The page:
In addi­tion, the Moon has a very slow rota­tion. There, a day lasts about two Earth weeks, as does the night. And with­out an atmos­phere to homogenise the tem­per­a­tures between the light and dark sides, tem­per­a­tures vary from 120°C dur­ing the day to ‑250°C at night! Not to men­tion that on the Moon, mete­oroids arrive intact and at full speed to the ground. Final­ly, we must take into account the per­ma­nent irra­di­a­tion of the lunar sur­face by cos­mic rays, a stream of par­ti­cles whose exces­sive dose can cause burns, steril­i­ty or the appear­ance of cancers.

Lunar base deployed inside an ancient lunar lava tube (cred­it: Sebas­t­ian Luca).

Sev­er­al options have been stud­ied to coun­ter­act these effects. One option is to use ancient lava tun­nels just below the Moon’s sur­face to build a pro­tect­ed envi­ron­ment, shield­ed from exter­nal con­di­tions (see illus­tra­tion below). How­ev­er, the Artemis pro­gramme is now plan­ning to set­tle near the lunar south pole, where there is cur­rent­ly no evi­dence of these vast under­ground tunnels.

A new space industry in the making

The lunar base projects envis­age sur­face activ­i­ties, which there­fore need to take into account these par­tic­u­lar lunar con­di­tions. In 2016, the Euro­pean Space Agency pre­sent­ed its “Moon vil­lage” con­cept. The idea was to launch inflat­able mod­ules onto the sur­face, which robots would cov­er with a thick lay­er of con­crete devel­oped on site from lunar regolith.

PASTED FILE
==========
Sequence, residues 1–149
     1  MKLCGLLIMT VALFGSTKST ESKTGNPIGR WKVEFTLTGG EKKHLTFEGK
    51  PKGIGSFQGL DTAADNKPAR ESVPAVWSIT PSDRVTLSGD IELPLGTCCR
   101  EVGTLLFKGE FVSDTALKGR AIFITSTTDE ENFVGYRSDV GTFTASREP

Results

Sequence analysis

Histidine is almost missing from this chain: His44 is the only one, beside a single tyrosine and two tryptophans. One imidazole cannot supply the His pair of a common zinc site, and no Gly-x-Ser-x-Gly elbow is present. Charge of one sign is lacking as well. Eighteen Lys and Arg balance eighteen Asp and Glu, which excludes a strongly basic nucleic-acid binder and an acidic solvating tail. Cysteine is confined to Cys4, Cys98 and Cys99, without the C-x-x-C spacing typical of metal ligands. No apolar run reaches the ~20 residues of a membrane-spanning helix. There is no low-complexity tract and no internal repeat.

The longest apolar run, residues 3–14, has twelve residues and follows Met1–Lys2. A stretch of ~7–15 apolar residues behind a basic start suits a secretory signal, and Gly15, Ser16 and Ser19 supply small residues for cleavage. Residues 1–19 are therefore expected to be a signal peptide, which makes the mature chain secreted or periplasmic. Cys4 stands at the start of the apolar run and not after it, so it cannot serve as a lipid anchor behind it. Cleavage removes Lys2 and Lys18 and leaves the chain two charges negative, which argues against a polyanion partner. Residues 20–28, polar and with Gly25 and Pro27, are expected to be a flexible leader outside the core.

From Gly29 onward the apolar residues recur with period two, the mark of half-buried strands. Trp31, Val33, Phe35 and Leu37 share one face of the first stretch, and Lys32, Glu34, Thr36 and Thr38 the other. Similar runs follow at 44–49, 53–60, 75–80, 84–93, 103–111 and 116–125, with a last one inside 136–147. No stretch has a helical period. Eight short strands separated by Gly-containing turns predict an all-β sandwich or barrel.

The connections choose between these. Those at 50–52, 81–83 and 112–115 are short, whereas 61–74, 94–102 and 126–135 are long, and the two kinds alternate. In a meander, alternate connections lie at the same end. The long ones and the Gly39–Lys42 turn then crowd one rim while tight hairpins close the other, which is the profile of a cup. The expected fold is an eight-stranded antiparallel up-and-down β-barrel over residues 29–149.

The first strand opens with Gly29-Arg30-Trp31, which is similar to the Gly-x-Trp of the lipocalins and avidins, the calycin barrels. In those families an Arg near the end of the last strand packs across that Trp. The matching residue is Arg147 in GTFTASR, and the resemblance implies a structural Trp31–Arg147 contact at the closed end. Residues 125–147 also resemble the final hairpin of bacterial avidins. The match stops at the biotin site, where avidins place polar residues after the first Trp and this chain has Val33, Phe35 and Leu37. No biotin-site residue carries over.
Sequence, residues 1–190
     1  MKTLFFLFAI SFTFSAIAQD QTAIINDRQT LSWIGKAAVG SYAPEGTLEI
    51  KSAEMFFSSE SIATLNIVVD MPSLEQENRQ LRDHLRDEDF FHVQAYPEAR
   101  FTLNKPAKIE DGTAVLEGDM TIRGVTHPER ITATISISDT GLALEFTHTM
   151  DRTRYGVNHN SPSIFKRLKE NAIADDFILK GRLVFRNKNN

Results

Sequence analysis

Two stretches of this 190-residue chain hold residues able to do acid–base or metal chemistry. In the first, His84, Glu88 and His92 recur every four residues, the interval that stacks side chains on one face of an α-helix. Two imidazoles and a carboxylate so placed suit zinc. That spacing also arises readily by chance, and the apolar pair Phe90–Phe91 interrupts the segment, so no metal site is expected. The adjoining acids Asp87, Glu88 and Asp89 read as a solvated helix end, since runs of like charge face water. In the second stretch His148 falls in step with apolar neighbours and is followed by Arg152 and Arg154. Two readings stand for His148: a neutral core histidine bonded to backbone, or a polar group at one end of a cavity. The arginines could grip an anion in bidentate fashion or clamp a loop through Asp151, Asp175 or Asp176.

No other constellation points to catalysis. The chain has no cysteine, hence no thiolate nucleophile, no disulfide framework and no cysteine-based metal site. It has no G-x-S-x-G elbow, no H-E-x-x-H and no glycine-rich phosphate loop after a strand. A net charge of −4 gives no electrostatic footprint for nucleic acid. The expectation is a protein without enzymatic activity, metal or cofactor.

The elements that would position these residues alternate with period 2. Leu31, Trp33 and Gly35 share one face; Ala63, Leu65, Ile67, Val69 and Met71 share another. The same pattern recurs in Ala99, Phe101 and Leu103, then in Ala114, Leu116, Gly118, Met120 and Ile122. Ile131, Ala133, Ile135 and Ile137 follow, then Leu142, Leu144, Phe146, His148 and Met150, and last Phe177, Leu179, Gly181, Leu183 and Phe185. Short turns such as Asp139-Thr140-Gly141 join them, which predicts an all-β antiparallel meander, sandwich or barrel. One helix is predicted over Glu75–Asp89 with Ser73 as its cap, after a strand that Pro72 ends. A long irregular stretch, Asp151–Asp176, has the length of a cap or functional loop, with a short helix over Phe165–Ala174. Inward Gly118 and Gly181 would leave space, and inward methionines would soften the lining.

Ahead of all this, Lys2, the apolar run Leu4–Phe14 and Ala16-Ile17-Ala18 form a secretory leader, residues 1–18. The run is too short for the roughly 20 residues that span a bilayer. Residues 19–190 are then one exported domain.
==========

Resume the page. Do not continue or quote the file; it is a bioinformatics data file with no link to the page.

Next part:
Inflat­able struc­tures are not new to the space sec­tor. An inflat­able mod­ule called BEAM (Bigelow Expand­able Activ­i­ty Mod­ule) was even test­ed and installed on the Inter­na­tion­al Space Sta­tion in 2016. The French start-up Spar­tan Space is devel­op­ing an inflat­able and mobile habi­tat solu­tion that can be used as a tem­po­rary base camp dur­ing expe­di­tions far from the main base.

Euro­pean Moon Vil­lage Project (cred­it: ESA).

Europe’s lunar vil­lage also relies on the mas­sive use of 3D print­ing robots that can har­vest lunar regolith, mix it with var­i­ous glues and then spray the result­ing paste onto inflat­able mod­ules to build the pro­tec­tive lay­er that will keep astro­nauts safe.

Because the robot­ics indus­try will have a very impor­tant role to play on the Moon. In a place where even the small­est step is a dead­ly risk, it is like­ly that robots will be used for many sur­face activ­i­ties. But there are still many prob­lems to be solved before we can deploy flotil­las of agile and effi­cient lunar robots.